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Archive for the ‘Uncategorized’ Category

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Is this the purpose of sleep?

Thursday, October 16th, 2014

Despite massive scientific advancement in the last 50 years into our understanding of what sleep is and what it does for the body, the answer to the simple question, “what is the purpose of sleep,” has been allusive. It begs the question, is there a single purpose for why we sleep? While we still don’t know an exact answer, we do have a clear understanding that the processes of sleep actively facilitate restoration of the mind and physical self for next-day functioning. And of course, all the findings in support of this idea, support what we know intuitively: proper sleep is necessary to function well and to feel good.

Last year, a major paper was published in the journal Science describing how, during sleep, the brain removes waste products. Lead author, Lulu Xie, said:

“The restorative function of sleep may be a consequence of the enhanced removal of potentially neurotoxic waste products that accumulate in the awake brain.”

Recently, one of the paper authors, Jeff, Iliff, gave a fascinating TED presentation describing just how the brain goes about removing waste and discusses possible implications for these observations. The video is only 11 mins long but it’s packed with interesting, and dare I saw pretty, information and visuals. Enjoy!

How Much Sleep Do You Need?

Monday, October 13th, 2014

I recently published an article entitled “How Much Sleep Do You Need?” for Chriskresser.com. Check out the first part below and then click on read more to go to the full article. 

As a sleep researcher and sleep educator, the most common question I get is, “How do I know how much sleep I need?” It’s a tricky question because the benefits of sleep are only partially determined by sleep duration. When people ask this question, what they really mean is, “What are the things I need to do in order for me to get all the physiological and behavioral benefits of a perfectly managed sleep-wake practice?” This article will help you answer that question, and one component of that question is understanding how much time you need to spend in bed per night. First, we need to review important fundamentals of sleep and wake regulation, otherwise the guidance here won’t make much sense. Read more.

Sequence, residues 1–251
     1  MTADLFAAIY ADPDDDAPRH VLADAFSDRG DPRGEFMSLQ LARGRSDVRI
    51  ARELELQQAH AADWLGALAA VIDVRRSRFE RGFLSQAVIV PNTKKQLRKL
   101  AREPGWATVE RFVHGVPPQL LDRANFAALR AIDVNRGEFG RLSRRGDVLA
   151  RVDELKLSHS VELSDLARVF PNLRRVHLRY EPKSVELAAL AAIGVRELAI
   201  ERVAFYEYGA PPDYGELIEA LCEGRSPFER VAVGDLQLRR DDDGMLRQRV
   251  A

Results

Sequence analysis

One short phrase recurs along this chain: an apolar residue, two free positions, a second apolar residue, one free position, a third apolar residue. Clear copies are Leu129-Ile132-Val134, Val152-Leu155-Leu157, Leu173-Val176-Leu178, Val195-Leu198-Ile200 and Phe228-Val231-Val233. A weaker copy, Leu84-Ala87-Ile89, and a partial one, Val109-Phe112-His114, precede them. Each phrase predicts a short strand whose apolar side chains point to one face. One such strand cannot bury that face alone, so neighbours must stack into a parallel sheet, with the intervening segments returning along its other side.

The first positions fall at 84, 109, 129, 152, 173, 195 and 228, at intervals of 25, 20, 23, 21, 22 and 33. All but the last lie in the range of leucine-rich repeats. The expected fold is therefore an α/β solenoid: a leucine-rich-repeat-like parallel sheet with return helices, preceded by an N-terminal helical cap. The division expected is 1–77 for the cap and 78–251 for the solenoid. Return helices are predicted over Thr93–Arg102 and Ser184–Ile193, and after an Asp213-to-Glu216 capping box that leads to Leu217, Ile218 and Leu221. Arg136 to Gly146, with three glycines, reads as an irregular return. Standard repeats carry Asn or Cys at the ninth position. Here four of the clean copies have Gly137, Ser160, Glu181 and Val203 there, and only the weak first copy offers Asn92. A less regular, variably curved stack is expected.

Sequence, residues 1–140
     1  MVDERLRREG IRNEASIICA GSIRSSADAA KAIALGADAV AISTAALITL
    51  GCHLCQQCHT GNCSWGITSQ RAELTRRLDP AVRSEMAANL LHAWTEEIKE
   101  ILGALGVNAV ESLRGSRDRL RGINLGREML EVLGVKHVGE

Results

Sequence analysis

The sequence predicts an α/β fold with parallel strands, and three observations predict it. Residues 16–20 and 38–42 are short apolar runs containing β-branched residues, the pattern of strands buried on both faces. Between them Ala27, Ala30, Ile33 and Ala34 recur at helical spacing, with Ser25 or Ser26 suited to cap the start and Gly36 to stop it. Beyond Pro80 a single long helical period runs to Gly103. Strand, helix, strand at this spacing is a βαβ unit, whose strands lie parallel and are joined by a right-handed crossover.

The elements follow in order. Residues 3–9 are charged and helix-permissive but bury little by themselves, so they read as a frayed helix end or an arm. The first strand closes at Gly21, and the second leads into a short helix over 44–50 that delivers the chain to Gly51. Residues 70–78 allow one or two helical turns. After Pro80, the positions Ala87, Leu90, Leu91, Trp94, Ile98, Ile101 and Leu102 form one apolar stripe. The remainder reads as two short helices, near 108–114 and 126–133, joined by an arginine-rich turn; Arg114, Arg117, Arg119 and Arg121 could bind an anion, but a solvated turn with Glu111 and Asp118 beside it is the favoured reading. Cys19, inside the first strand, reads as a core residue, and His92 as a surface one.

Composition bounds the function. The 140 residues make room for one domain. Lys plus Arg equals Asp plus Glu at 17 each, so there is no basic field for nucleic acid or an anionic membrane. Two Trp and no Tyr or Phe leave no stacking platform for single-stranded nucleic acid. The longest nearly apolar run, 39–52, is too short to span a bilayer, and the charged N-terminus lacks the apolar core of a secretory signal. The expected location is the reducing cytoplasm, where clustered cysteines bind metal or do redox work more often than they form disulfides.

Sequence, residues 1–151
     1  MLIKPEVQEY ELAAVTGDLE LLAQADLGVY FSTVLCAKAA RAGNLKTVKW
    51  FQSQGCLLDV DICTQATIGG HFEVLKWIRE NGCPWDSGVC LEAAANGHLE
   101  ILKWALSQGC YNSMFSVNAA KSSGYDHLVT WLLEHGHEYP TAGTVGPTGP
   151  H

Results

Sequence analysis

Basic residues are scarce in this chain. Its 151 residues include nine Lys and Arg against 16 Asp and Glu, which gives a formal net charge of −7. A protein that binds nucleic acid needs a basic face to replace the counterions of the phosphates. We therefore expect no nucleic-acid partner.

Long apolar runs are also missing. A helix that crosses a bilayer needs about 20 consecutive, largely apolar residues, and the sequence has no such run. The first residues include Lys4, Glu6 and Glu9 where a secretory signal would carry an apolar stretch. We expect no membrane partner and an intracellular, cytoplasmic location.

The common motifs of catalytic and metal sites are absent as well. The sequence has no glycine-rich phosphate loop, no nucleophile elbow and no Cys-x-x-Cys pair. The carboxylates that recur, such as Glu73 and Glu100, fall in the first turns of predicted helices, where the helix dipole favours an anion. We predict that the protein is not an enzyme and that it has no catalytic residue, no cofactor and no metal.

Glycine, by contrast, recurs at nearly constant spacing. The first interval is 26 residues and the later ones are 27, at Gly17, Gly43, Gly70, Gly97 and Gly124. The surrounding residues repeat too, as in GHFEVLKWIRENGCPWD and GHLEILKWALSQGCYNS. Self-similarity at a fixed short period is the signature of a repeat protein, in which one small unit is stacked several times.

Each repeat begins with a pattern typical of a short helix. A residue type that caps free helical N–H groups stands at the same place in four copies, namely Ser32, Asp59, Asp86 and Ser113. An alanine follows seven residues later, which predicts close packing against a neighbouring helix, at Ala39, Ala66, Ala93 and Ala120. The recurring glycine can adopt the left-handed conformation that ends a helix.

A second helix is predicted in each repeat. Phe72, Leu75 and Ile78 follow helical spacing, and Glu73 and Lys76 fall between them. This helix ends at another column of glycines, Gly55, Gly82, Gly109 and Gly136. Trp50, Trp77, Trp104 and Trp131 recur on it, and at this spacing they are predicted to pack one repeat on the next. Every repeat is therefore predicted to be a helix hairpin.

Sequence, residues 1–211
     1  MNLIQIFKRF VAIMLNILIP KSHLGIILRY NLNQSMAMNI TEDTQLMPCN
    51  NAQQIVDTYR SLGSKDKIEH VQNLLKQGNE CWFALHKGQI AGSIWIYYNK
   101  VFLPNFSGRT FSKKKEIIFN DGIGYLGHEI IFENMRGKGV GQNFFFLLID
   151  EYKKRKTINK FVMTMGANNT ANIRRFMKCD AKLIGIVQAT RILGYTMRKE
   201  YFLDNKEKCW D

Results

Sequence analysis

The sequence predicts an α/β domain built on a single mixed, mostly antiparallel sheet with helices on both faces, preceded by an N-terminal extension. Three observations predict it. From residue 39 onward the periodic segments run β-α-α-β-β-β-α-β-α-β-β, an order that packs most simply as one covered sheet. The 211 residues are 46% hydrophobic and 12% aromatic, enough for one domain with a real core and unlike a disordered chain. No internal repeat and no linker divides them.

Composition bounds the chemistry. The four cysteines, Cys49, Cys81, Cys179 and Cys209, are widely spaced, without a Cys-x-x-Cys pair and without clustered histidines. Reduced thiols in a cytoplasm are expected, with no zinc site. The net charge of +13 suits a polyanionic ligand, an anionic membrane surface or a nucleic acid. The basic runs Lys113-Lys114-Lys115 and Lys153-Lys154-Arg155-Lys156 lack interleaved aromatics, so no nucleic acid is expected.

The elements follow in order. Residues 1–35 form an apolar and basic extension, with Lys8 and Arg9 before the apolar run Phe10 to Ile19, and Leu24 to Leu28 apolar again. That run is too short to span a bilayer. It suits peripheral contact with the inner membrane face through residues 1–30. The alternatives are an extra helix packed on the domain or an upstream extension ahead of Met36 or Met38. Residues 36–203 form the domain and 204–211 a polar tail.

Why Is It Important to Define Your Life Purpose?

Thursday, May 22nd, 2014

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Today, we bring you another great blog from JD Moyer.

It sounds intimidating, to define the purpose of your life. It also sounds unnecessary. Why not just live? Why not just enjoy life, and take each day as it comes?

I don’t think there is any ultimate purpose to life beyond what we decide is important. I think James Altucher puts it well in this post:

“People get depressed now if they feel they are not fulfilling a purpose in life.

Here’s what I think purpose is: the universe doesn’t know anything. So it cut off tiny pieces of itself to go out there and experience things, any things, and then come back home when they were done.

That’s it. So whatever you are experiencing today, good or bad, the universe is learning and happy and grateful to you because it is exploring new things about life.

BAM!

No other purpose.”

I don’t believe in any kind of singular, universal purpose (not even the poetic purpose Altucher describes), but I do feel better and live better when I live by my own principles. What do I think is important? How much am I willing to bet on those values? How ’bout everything. All in.

Neil deGrasse Tyson, in a beautiful response to a question on a reddit (“What can you tell a young man looking for motivation in life itself?”) gets to the core rationale for defining one’s own purpose in life: